How much money will conferences make from the College Football Playoff this year?
Can Leonard Fournette fetch a historic amount for his game-worn jersey at auction?
And is Ohio State out of line with its ticket price increase for next year’s Michigan game?
I have the answers in my latest segment for Campus Insiders:
Continue to Campus Insiders to read my blog with more details
How much does it cost an athletic department to replace a head football coach?
How have athletic departments changed their offerings now that they can serve student athletes unlimited meals?
And who really makes money on those alternate jerseys?
Check out my latest segment with Campus Insiders for the answers:
Last year, the NCAA did something unprecedented: they approved a pilot program to provide travel stipends to the parents or guardians of men’s and women’s basketball student athletes participating in the Final Four (up to $3,000 per student athlete) and National Championship (an additional $1,000 per student athlete).
The program also authorized the College Football Playoff to provide up to $3,000 per student athlete for the College Football Playoff National Championship, although the CFP ultimately adopted a $2,500 per student athlete stipend program.
Men’s and women’s basketball travel stipends
A month ago, the NCAA announced it would be extending the program for men’s and women’s basketball for a year, and then Tuesday the College Football Playoff followed suit and extended its program for another year.
Click here to keep reading my piece on Outkick the Coverage on FoxSports.com
It came as no surprise that the Power Five conferences easily passed the cost of attendance measure being considered at the NCAA convention on Saturday. The final vote tally was 79-1 in favor of going to scholarships that cover the full cost of attendance, with 64 of the 65 schools and all 15 of the student athletes voting in favor of the proposal.
Click here to keep reading my commentary on Outkick the Coverage on FoxSports.com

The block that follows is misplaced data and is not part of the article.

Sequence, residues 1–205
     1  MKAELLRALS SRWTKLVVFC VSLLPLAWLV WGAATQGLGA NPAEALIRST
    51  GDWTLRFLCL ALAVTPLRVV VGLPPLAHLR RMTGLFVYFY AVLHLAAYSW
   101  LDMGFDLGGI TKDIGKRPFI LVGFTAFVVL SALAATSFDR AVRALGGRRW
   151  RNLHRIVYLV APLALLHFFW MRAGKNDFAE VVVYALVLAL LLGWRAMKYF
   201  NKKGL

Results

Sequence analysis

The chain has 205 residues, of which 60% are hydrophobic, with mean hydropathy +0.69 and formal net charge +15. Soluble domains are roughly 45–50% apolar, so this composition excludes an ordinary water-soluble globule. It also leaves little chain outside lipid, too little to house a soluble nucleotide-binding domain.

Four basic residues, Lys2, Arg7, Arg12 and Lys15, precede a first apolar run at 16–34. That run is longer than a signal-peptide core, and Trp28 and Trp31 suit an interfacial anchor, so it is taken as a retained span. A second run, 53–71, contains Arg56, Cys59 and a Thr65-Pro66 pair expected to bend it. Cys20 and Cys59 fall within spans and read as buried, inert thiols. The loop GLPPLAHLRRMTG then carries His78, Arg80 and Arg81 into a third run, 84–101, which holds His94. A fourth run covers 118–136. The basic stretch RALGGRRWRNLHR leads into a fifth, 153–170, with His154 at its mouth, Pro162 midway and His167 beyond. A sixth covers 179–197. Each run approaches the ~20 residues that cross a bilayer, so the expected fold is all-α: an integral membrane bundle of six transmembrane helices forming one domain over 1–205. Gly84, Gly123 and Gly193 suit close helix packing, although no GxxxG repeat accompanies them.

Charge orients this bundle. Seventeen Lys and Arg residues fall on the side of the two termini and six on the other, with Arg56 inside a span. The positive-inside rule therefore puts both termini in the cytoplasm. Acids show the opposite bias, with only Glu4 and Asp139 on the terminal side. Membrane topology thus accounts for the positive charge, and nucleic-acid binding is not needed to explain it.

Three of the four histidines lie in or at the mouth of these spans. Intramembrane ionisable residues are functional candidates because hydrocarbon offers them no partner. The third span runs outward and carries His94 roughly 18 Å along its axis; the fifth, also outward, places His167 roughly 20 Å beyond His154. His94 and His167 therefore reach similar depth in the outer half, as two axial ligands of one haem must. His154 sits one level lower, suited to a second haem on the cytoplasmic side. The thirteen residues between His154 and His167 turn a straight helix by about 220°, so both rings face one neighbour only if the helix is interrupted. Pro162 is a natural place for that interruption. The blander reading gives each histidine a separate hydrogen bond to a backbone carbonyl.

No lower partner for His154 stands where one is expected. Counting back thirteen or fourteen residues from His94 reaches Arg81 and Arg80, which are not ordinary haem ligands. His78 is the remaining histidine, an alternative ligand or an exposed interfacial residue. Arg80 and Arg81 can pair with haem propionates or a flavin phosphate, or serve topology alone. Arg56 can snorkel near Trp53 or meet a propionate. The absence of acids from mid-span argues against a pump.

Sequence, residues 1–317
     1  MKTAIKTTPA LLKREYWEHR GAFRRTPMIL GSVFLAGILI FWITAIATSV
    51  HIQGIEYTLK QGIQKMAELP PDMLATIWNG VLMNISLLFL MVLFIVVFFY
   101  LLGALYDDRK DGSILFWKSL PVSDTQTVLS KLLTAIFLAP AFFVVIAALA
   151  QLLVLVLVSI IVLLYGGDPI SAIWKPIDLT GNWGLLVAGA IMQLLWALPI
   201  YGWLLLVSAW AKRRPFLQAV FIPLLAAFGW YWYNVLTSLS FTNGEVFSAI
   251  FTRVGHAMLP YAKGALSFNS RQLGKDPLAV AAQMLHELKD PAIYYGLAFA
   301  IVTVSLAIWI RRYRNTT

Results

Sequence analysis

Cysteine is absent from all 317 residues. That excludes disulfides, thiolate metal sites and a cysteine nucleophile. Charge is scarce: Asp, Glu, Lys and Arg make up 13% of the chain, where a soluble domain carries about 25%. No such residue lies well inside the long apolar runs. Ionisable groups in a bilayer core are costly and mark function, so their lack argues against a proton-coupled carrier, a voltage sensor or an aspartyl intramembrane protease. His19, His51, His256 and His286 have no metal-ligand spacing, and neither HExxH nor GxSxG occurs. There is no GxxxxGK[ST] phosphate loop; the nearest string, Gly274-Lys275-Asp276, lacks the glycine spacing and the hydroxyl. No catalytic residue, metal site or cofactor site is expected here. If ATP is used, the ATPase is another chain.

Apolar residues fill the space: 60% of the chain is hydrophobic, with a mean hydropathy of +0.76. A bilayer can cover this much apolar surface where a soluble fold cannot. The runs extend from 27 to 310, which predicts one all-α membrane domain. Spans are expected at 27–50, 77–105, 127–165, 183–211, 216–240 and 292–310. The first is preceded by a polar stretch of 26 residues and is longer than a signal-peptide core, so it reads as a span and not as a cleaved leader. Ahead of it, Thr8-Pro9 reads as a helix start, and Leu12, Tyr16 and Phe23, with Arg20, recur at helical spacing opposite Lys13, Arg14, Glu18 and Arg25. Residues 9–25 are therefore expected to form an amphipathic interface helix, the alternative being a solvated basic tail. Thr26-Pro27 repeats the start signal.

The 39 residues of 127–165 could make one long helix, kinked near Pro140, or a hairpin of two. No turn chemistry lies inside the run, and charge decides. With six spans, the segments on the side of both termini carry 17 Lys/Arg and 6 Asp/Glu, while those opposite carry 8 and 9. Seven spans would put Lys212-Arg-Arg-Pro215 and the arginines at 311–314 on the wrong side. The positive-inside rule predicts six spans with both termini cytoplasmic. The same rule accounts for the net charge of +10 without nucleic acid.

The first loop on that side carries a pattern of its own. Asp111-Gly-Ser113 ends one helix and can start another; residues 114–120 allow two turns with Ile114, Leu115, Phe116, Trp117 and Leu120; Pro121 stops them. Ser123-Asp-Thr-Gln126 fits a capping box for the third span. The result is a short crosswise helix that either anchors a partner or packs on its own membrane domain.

If you’re not inclined to read my full report on the ruling in the O’Bannon case that came down on Friday, you can probably get away with simply knowing what it does not mean.
- It does not mean all student athletes are getting cost-of-attendance stipends. In fact, it doesn’t even mean all football and men’s basketball student athletes are getting cost-of-attendance stipends. What the ruling said was that the NCAA cannot set a rule limiting stipends to anything less than cost-of-attendance for football and men’s basketball student athletes. If I were a betting woman, I’d say the NCAA sets the limit for stipends at cost of attendance and allows all student athletes to receive that stipend. Some schools will be able to afford to implement the stipend, some will not. There is no requirement in the ruling that schools must starting funding cost of attendance stipends, merely that the NCAA cannot legislate against it.
- You’ve probably heard about the $5,000 tied to the trust fund idea. It does not mean every football and men’s basketball student athlete is automatically accruing $5,000 per year in a trust fund to access after graduation or exhaustion of eligibility. What the judge said was that the NCAA cannot prevent schools from offering at least $5,000 per year to football and men’s basketball student athletes (to be placed in a trust for disbursement upon graduation or exhaustion of eligibility). The NCAA will likely set the cap at the minimum $5,000/student athlete/year. Each individual school can then decide if they want to participate, but they are not required to do so. One school might decide on the $5,000 number, another might only be able to do $2,500, and yet another might decide they cannot afford to do anything. Whatever the schools choose, they must implement it equally across a recruiting class. You can’t offer higher-profile recruits more than other recruits. You can, however, change the amount with each new recruiting class.